Sweeney did not share his plan for Spooner with reporters, but it’s safe to say the player’s future with the Bruins is uncertain.

Panthers looking for ‘modern day guy’ as next head coach

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There are just two coaching vacancies left — in Buffalo and Florida, respectively — and on Thursday, Panthers GM Dale Tallon outlined what the club is looking for in its next bench boss.

“We’re looking for a modern day guy, a good communicator and a good teacher,” Tallon said, per WQAM radio. “Someone who is firm, but fair and can think outside the box a little bit, because creativity is important too as far as how you differentiate yourself from other teams playing a similar system.”

To that end, the Panthers have already interviewed one candidate — University of Denver’s Jim Montgomery. Sportsnet reported Florida spoke with him on Monday.

Montgomery, 47, has spent the last three years at Denver, building one of college hockey’s most elite programs. This year’s squad was anchored by Hobey Baker winner Will Butcher, U.S. junior shootout hero Troy Terry and, perhaps most interestingly, freshman scoring sensation Henrik Borgstrom — Florida’s first-round pick at last year’s draft.

Montgomery aside, Tallon and the Panthers sound like they’re casting a wide net to find Tom Rowe’s replacement.

The club reportedly reached out to Vancouver with interest in former bench boss Willie Desjardins. The Miami Herald floated the possibility of bringing in ex-Habs coach Michel Therrien, who resides in South Florida. Montreal radio station 91.9 Sports also connected Therrien to the gig.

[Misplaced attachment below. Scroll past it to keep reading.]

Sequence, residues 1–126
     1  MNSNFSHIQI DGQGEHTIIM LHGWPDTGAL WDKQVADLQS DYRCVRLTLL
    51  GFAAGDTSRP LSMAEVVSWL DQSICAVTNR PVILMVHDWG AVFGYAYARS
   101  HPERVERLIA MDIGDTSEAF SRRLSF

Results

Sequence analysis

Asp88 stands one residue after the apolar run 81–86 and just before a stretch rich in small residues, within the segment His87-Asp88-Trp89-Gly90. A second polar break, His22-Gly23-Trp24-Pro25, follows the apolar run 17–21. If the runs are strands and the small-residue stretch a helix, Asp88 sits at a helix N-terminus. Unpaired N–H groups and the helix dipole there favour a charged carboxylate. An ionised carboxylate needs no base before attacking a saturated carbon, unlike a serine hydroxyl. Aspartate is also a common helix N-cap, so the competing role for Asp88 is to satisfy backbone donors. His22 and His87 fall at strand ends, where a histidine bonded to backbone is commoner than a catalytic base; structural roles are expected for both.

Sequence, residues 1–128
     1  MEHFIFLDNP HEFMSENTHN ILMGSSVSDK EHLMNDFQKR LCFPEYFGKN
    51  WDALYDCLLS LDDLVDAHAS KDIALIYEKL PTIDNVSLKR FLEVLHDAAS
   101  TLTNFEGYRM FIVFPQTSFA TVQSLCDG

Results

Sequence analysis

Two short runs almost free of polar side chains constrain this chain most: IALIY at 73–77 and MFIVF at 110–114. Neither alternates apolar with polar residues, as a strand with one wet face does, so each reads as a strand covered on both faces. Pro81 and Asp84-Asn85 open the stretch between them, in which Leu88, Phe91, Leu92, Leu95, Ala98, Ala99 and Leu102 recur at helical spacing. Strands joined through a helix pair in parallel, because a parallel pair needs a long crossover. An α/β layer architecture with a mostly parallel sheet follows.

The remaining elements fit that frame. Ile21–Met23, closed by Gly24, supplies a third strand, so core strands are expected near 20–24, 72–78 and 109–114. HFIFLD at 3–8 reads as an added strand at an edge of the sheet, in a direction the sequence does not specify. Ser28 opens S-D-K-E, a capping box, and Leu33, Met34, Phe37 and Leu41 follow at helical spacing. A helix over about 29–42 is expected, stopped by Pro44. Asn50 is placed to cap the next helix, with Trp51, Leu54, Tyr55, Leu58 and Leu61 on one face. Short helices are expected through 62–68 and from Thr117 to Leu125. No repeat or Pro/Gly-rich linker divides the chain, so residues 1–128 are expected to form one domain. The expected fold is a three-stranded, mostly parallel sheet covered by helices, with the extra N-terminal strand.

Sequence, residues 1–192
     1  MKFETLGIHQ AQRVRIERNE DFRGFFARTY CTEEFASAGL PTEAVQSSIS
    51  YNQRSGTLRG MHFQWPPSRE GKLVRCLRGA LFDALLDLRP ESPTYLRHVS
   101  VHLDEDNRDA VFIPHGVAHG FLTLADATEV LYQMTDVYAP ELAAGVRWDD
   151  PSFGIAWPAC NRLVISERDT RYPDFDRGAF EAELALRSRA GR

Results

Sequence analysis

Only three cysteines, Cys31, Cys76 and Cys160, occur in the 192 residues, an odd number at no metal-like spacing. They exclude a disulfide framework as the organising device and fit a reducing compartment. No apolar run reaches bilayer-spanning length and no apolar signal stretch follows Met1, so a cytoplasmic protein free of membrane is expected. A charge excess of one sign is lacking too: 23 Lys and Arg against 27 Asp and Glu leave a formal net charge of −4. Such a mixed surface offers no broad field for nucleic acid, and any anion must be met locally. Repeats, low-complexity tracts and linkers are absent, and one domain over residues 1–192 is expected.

Put it all together, and the coaching decision doesn’t appear to be a rush job. Tallon all but cemented that last month, when he said there “are some candidates that are in the playoffs that we can’t talk to,” adding he might wait “until at least mid-June” to make a hire.

Stars re-sign Janmark, who they ‘missed as much as anyone last season’

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Mattias Janmark, the Stars forward that missed all of this season with a major knee injury, has been given a one-year, $700,000 extension, the club announced on Thursday.

“Mattias is a played that we missed as much as anyone last season with the unfortunate injury he suffered,” Dallas GM Jim Nill said in a release. “We look forward to him returning to our group and getting him back for training camp.”

Losing Janmark’s services this year was, as mentioned, a fairly big blow. After surprising onlookers by making the Stars out of camp in ’15-16 — a “great story,” according to Nill — Janmark had a pretty successful rookie campaign, scoring 15 goals and 29 points in 73 games.

He also fared well in the playoffs, with five points in 12 contests.

Today’s news all but alleviates concerns the 24-year-old’s knee problems might extend into next season, something former head coach Lindy Ruff alluded to last month.

“I think there’s a question mark (about next season), but we don’t know to what degree yet,” Ruff said, per the Dallas Morning-News. “He’s progressing nicely. He still has a ways to go, but I think the fact he is practicing now and has gone this far always gives a guy like that a better chance for next year.”

Janmark’s original injury occurred during the preseason, when he knee locked up in a game against Colorado.

“He had a small segment, approximately 21 millimeters by 11 millimeters, that became displaced and is locked in his knee,” Nill said at the time. “It’s the bone and the cartilage, they both came off together.”

Janmark underwent surgery to correct the issue, but his recovery was plagued by a preexisting congenital condition called osteochondritis dissecans. Nill said the likelihood of a full recovery was 80 percent.